Cannabis is a light demanding plant. Professional growers keep the light on their plants using the 24/0 photoperiod for this reason. Plants that grow under 24/0 flourish and do not need a quantity of darkness in order to rest and perform photosynthesis properly. Plants that are grown in optimal conditions under 24/0 light regime grow vigorusly and the benefits of a 24/0 photoperiod can be seen actively in the results. More nodes are formed, more branches are created, leaf numbers increase, the plant is growing at its finest.

    Some growers opt to use 18/6 as their photoperiod. This is 18 hours of light, six hours of darkness light regime. Under these conditions the plant will grow quite naturally but not as vigorously as the 24/0 photoperiod.

    The 18/6 photoperiod expels 3/4 the amount of light that a 24/0 photoperiod does. Although this does not mean that a plant produces 1/4 less leaves,branches and nodes under the 18/6 photoperiod, it certainly does show the correlation between light and cannabis growth. As we have said already, cannabis is a light demanding plant. There are no problems associated with 24/0 and although some have attributed cannabis sexual dysfunction (the hermaphrodite conditon) to 18/6 photoperiod these problems are actually the result of heat stress.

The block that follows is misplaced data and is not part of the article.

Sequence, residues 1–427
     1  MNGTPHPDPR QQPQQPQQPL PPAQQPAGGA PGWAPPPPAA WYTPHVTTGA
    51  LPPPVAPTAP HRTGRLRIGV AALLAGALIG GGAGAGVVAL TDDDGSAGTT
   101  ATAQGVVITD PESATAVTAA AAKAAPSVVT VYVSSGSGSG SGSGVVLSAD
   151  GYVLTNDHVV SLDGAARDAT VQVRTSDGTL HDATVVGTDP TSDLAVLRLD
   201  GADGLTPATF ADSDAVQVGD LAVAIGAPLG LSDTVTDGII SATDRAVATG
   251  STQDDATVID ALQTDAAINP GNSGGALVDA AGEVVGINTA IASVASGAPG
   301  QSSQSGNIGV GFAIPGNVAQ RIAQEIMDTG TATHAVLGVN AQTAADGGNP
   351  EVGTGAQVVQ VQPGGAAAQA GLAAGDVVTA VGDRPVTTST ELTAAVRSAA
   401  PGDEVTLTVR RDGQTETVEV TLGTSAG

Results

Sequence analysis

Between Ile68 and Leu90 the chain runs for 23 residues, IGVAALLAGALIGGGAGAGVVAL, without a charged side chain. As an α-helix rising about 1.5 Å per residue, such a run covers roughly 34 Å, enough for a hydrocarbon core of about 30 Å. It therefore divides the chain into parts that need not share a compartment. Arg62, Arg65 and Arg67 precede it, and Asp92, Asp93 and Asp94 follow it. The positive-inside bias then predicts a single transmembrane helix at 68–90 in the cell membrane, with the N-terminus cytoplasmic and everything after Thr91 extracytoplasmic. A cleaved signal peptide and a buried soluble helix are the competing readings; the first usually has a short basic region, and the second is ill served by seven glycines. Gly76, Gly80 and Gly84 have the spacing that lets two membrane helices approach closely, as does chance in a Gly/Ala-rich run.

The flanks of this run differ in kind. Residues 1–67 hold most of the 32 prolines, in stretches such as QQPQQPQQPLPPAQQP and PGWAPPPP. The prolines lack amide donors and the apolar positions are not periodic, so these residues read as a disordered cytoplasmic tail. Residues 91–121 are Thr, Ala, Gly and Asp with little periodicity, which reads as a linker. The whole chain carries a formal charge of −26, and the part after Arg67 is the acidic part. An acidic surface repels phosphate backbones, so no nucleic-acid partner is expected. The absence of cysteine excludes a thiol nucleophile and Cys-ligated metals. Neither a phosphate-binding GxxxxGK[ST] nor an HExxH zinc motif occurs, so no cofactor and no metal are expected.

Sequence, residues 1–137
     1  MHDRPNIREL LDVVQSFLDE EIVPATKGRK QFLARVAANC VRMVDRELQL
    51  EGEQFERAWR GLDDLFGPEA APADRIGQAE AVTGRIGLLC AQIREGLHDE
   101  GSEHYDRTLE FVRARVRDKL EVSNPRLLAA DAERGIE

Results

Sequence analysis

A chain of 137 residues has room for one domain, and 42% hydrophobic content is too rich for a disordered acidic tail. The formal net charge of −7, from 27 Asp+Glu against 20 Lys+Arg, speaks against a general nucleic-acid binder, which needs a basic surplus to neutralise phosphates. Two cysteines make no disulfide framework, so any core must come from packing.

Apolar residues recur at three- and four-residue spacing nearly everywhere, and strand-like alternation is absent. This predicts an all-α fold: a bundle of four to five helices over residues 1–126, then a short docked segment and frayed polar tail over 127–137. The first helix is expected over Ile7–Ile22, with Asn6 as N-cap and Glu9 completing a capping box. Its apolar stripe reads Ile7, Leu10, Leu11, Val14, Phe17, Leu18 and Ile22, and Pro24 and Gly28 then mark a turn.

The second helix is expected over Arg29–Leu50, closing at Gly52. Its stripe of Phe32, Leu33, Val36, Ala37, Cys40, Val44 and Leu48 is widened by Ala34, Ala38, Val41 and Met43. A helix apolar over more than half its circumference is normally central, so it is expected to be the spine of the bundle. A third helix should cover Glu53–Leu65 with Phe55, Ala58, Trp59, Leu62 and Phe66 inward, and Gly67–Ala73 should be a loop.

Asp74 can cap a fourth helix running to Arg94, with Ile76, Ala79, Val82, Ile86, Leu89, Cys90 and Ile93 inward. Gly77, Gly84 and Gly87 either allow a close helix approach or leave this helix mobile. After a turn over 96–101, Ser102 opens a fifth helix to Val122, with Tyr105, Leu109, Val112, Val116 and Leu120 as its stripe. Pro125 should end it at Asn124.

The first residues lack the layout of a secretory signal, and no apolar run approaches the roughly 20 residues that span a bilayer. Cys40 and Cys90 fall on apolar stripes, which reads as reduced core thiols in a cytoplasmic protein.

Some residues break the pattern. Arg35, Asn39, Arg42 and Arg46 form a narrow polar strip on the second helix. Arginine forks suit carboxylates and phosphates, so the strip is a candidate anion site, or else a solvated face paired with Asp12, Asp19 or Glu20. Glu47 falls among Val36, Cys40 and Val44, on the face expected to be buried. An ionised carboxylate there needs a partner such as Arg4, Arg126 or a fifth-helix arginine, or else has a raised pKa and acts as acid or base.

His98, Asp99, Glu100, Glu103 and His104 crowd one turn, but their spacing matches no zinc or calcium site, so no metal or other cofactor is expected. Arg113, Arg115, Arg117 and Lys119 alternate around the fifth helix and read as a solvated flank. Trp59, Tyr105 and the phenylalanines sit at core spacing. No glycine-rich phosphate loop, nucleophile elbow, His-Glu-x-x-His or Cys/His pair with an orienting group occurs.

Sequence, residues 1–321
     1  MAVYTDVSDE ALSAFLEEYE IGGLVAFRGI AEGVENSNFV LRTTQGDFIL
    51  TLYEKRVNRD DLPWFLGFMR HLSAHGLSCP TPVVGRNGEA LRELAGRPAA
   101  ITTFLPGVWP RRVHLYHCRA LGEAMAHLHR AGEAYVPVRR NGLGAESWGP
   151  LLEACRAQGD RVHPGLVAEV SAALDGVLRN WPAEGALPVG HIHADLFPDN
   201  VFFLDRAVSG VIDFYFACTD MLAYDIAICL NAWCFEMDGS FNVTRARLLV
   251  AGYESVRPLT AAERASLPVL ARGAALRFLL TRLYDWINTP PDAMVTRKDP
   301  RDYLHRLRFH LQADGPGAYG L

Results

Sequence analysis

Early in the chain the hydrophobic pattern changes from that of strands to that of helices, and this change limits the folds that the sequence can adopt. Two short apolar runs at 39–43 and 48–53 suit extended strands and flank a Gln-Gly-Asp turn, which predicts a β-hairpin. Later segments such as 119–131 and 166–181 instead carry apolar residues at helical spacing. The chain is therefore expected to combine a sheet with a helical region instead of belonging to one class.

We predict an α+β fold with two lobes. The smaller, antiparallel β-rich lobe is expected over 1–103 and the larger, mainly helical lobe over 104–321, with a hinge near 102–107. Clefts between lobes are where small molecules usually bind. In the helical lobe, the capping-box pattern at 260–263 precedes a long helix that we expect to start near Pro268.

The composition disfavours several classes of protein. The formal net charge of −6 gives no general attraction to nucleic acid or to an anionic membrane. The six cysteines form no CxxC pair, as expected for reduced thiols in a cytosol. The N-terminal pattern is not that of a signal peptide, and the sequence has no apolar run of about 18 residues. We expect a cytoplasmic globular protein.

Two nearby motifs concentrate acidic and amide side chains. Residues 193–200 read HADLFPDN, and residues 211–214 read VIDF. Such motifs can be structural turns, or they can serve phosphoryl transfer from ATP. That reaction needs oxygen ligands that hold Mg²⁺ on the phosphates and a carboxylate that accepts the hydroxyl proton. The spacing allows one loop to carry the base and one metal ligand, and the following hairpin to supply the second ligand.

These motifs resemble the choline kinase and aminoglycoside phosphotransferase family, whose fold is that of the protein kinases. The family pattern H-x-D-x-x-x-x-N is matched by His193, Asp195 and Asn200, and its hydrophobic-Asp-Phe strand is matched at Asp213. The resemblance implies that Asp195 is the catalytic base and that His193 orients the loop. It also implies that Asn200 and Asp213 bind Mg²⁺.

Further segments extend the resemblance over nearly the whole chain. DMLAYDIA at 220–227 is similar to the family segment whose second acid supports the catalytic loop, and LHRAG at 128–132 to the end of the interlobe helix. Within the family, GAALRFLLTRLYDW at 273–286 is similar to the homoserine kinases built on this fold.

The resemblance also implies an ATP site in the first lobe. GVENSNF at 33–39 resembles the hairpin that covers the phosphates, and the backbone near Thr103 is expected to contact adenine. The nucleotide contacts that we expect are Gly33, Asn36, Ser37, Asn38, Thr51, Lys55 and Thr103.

A 24/0 photoperiod requires that your grow room temperature be kept well monitored. The 18/6 option is cheaper to run. You use a quarter less electricity and this will have an impact on your electricity bill. Also the 18/6 photoperiod will generally extend the bulb's lifespan. During the 6 hours of darkness the grow room is allowed to cool down for this period but a well maintained good grow room setup should not require a cooling down period.

    24/0 and 18/6 both share the same problem though. Once you start the photoperiod you should keep that way especially when the plants near maturity (the preflowering stage). An irregular photoperiod can cause more males than females to develop. It can also cause sexual dysfunction to appear. Whether you choose 24/0 or 18/6 as your vegetative photoperiod try to keep that photoperiod unitl your plants are mature enough to express their sex.

    C3 plants can photosynthesize all day if they have light and a high enough level of CO2, whereas C4 plants store the CO2 during the night, and use it during the day. This is why photosynthesis decreases near the end of the day in C4 plants, they've run low on CO2."